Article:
Pick up where I left off
Just as I was leaving, though, it turned out AFP’s photo stringer Chaideer Mahyuddin – who covered the first arrivals in Aceh – was returning to the province. During the four-hour drive to the airport, I spoke to him by phone and we agreed he would pick up where I had left off.
Together we selected some dramatic portraits of migrants in distress, begging for food with anguished faces while clutching their stomach, crying for help, or scrambling for supplies thrown by a Thai military helicopter into the sea. His task was to match individuals to the ones in the photos, and obtain their complete name, age and nationality, as well as telephone numbers of relatives in Myanmar and Bangladesh which would help us follow up on their stories and progress in the coming months and years.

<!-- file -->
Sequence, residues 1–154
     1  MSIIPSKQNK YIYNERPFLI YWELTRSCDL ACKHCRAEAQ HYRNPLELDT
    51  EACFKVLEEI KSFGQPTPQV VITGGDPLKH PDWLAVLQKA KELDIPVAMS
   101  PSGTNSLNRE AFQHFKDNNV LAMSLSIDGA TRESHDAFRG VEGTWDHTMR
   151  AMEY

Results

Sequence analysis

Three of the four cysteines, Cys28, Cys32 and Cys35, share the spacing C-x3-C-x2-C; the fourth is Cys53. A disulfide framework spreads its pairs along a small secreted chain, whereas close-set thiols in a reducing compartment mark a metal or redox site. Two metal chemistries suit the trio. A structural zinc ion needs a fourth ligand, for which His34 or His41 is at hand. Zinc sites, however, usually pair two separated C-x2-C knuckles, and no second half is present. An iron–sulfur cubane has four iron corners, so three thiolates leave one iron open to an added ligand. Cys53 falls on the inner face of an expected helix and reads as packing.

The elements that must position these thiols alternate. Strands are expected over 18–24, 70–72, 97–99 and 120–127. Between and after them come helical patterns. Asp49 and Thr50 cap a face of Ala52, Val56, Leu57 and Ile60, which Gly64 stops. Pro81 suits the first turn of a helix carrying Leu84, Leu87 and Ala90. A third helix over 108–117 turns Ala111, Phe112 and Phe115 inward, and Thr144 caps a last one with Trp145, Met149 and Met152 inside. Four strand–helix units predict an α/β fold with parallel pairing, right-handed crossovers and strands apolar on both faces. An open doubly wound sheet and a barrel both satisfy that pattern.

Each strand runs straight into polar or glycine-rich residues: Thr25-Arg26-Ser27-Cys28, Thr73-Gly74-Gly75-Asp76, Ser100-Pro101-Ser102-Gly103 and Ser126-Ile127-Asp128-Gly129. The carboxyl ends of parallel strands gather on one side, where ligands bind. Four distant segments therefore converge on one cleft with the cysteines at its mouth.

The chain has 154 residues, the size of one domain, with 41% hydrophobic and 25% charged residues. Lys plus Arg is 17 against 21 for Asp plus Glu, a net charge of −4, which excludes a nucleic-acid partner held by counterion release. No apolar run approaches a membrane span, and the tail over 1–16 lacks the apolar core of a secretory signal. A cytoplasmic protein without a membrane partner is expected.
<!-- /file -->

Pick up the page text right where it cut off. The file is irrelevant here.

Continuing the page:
I advised Chaideer to take portraits in arrangements similar to Christophe’s photos, their new look and fresh start in the camp in Bayeun a strong contrast with the images of helpless people aboard a drifting boat. The result is a powerful testament to their will to survive.
BAYEUN, Indonesia – When I first saw AFP’s photos of migrants stranded in East Aceh on May 20, I was struck by the close similarities with the green boat captured off Koh Lipe in Christophe’s extraordinary photos. Examining all the details I was certain the people on the boat must be one and the same.
Soon enough I identified two men – Muhammad Ehsan from Bangladesh and Hamid Husen from Myanmar – who were photographed clinging to the boat as they ate supplies recovered at sea. I informed Romy, and that would be the first of our photo combinations.
By showing Christophe’s pictures around the camp, I was able to track down many of his subjects. But staging these group shots was a real challenge since the people I found were located at different spots. I would leave three of them to go look for a fourth, but by the time I returned one had gone missing and I had to start all over. That, combined with the language barrier made it a truly difficult task. It would take two days to bring each group together.
Let families know they are alive